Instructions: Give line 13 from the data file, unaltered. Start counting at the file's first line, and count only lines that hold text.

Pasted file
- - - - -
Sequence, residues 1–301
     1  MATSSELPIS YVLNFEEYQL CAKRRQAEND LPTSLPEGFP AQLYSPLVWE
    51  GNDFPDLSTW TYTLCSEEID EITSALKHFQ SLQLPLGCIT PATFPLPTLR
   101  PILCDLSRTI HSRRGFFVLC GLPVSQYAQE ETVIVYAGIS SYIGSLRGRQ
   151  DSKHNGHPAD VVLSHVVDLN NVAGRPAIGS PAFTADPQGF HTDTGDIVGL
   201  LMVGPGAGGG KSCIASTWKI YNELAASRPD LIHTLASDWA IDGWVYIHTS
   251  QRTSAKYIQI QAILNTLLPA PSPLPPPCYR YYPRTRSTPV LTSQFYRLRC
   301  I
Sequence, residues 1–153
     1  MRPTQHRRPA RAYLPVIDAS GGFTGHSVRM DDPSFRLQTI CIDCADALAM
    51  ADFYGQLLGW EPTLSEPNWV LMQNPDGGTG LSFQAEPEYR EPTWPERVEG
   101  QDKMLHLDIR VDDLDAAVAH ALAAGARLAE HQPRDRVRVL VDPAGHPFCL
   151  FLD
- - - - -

   151  FLD